AFL great Nicky Winmar has canceled his NAIDOC week visit to northwestern Tasmania after “consistent harassment” from his controversial manager, Ricky Nixon.
Most important points:
- A campaign had been launched against Nixon’s appearance, highlighting his dealings with a 17-year-old girl in 2010, which cost him the AFL players’ agent accreditation.
- The local club president said Nixon was a “colorful character” who “had taken his punishments on the chin” for his past misconduct
- Mr Nixon has the Victorian equivalent of a Working with Vulnerable People card
Winmar was due to hold a soccer clinic in Smithton on Friday and present native-design soccer jumpers to the Circular Head Saints on Saturday ahead of the NAIDOC Round clash.
But the visit was called off late Thursday, with the Circular Head Aboriginal Corporation blaming it for a “factually incorrect and misleading diatribe” directed against Mr Nixon.
Nixon said “one person’s actions in Smithton” meant authorities had advised the couple not to travel.
“Nicky Winmar and I have decided that community safety must and always will be the priority, so we will not be coming to Tasmania this weekend on the advice of the authorities,” he posted on Facebook.
“However, we will be helping the community in other ways in the coming months, which we will be announcing shortly.”
There had been a campaign against Mr Nixon appearing at the events, highlighting his dealings with a 17-year-old girl, which resulted in his AFL players’ agent accreditation being suspended.
The Accreditation Board of the AFL Players’ Association found that he had violated its code of conduct in 2011 after the girl released images of a man it believed to be Mr Nixon, depicted half-naked on a hotel bed in Melbourne.
Nixon admitted inappropriately interacting with the teen at the hotel but denied having sex with her or giving her drugs and alcohol.
In 2015, he was reportedly arrested for allegedly abusive social media posts threatening to assault a two-year-old child.
Nixon declined to comment further.
Selina Maguire-Colgrave, president of the Aboriginal Corporation, said the campaign against Nixon was waged by a community member who “actively and deliberately undermined this opportunity for the community on the basis of misinformation.”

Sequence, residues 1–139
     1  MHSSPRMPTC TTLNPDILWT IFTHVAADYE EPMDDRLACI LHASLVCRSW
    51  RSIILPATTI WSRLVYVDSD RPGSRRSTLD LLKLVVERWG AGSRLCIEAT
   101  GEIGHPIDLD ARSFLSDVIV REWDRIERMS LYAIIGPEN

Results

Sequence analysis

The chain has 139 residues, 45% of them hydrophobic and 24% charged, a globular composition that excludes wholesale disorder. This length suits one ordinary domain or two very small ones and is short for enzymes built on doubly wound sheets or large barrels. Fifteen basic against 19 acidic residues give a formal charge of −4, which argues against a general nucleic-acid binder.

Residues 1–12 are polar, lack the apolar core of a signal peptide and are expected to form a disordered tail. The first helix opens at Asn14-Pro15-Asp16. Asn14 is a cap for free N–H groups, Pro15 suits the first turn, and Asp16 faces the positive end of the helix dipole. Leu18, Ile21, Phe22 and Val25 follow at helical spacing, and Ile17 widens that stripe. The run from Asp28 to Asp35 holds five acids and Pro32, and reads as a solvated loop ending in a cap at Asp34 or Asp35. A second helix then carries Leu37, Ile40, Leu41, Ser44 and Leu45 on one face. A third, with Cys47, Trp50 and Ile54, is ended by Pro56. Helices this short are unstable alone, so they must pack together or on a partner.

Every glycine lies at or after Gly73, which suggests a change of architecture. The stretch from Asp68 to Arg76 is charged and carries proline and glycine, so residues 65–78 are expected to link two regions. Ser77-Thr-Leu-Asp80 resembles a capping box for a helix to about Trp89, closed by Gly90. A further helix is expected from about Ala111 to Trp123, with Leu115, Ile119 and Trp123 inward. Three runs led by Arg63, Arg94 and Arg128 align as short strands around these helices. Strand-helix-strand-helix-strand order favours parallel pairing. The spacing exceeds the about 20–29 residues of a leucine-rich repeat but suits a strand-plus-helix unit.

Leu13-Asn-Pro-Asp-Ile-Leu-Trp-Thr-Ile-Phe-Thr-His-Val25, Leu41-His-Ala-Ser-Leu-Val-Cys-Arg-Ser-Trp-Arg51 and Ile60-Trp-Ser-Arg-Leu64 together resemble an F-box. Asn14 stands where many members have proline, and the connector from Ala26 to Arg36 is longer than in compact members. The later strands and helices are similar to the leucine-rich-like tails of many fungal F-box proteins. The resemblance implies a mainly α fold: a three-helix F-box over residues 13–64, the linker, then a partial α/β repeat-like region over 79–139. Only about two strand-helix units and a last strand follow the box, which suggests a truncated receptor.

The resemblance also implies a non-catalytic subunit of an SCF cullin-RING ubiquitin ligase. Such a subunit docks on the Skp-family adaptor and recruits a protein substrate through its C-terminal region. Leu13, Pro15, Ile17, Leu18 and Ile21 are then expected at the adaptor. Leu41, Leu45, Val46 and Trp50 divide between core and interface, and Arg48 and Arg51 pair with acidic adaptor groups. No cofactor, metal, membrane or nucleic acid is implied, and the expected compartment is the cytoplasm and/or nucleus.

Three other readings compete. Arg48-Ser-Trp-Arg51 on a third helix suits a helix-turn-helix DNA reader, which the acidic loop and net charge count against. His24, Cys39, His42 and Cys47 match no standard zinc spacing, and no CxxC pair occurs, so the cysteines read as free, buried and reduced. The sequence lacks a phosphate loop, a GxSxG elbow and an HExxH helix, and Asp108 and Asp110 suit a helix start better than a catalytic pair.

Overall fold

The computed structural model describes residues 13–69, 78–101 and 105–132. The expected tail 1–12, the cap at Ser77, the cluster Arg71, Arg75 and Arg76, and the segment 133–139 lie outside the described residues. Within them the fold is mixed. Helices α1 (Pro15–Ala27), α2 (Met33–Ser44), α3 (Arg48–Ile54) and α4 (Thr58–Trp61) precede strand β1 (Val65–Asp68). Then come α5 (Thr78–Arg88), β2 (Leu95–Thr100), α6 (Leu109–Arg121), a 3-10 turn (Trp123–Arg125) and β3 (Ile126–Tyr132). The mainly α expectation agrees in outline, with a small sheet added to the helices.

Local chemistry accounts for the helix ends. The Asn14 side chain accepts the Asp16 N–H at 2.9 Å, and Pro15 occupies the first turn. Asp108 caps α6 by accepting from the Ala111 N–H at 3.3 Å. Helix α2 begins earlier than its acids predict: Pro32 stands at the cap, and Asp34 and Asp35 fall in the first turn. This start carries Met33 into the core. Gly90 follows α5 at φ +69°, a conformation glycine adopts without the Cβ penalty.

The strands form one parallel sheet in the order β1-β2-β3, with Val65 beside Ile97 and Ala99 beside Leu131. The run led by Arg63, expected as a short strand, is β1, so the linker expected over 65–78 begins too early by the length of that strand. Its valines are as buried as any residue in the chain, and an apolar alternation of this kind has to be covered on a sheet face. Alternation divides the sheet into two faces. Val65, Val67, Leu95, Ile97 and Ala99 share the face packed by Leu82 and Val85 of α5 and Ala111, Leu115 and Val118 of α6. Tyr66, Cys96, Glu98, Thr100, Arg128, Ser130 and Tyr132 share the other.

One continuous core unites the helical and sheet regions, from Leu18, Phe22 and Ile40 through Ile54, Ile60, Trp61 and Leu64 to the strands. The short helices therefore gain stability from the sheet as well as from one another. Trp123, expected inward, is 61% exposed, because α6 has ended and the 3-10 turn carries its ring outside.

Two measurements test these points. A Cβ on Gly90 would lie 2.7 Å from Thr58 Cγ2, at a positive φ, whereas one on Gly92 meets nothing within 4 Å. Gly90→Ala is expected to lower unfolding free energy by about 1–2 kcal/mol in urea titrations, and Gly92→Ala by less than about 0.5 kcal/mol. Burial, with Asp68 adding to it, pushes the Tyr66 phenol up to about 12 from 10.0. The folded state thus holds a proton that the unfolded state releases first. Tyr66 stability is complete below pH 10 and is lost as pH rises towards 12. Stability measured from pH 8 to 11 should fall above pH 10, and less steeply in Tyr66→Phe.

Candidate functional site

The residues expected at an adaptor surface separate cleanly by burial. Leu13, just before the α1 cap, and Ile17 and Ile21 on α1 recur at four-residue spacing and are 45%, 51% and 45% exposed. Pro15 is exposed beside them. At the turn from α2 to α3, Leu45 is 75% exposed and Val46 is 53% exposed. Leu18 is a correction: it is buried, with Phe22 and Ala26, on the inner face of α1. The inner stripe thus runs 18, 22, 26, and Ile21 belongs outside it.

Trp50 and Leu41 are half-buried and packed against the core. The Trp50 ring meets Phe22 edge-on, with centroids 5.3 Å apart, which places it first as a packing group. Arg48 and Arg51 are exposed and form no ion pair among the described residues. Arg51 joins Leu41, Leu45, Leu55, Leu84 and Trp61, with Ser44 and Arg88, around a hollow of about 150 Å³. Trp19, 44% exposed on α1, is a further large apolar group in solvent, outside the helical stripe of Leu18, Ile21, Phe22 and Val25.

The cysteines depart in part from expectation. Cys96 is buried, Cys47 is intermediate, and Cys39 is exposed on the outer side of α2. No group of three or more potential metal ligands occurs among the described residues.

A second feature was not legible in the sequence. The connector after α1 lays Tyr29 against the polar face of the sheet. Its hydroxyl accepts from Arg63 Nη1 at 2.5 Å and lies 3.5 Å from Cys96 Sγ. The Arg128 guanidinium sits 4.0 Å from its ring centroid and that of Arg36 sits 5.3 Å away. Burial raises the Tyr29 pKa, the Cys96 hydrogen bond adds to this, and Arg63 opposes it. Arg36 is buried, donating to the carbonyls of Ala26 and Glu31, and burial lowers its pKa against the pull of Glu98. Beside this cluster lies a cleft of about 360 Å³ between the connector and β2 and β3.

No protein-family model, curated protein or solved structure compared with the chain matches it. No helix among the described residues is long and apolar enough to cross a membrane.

She said Mr Nixon had the Victorian equivalent of a “Working with Vulnerable People” card, and that the positivity of Winmar’s visit should not be clouded by Mr Nixon accompanying him.
But Smithton resident Melissa Wells said she publicly expressed concern about Mr Nixon’s “highly questionable” past behavior, simply seeking assurances that he had a valid Working with Vulnerable People card.
“We went in in person and spoke privately with the CHAC manager and tried to keep all this private, and our main concern was: did he have a Working with Vulnerable People card? So why [wasn’t] I told them a few weeks ago when I asked that he had a card,” she said.
“I would still be concerned about the prospect of him coming, but I would feel like I couldn’t have a strong and open mind about it because he does have a card.”
Keith Billing, president of Circular Head Saints, said it was a “big disappointment” for the club and the wider community that Winmar was no longer present.
“That disappointment will be spread among individuals such as students and elderly residents of [Emerton Park nursing home]and of course football [community] and our club who would have the chance to meet him and maybe get their native jumpers signed by him,” he said.
Mr Billing said his view was that Mr Nixon was a “colorful character” who “had taken his punishments on the chin” for his past misconduct.
“I had no problem with them being a package deal, of course. Nicky Winmar trusts his agent and the agent has the Victorian equivalent of a Working with Vulnerable People card, so the guy should be free to walk around like everyone else does, he said.
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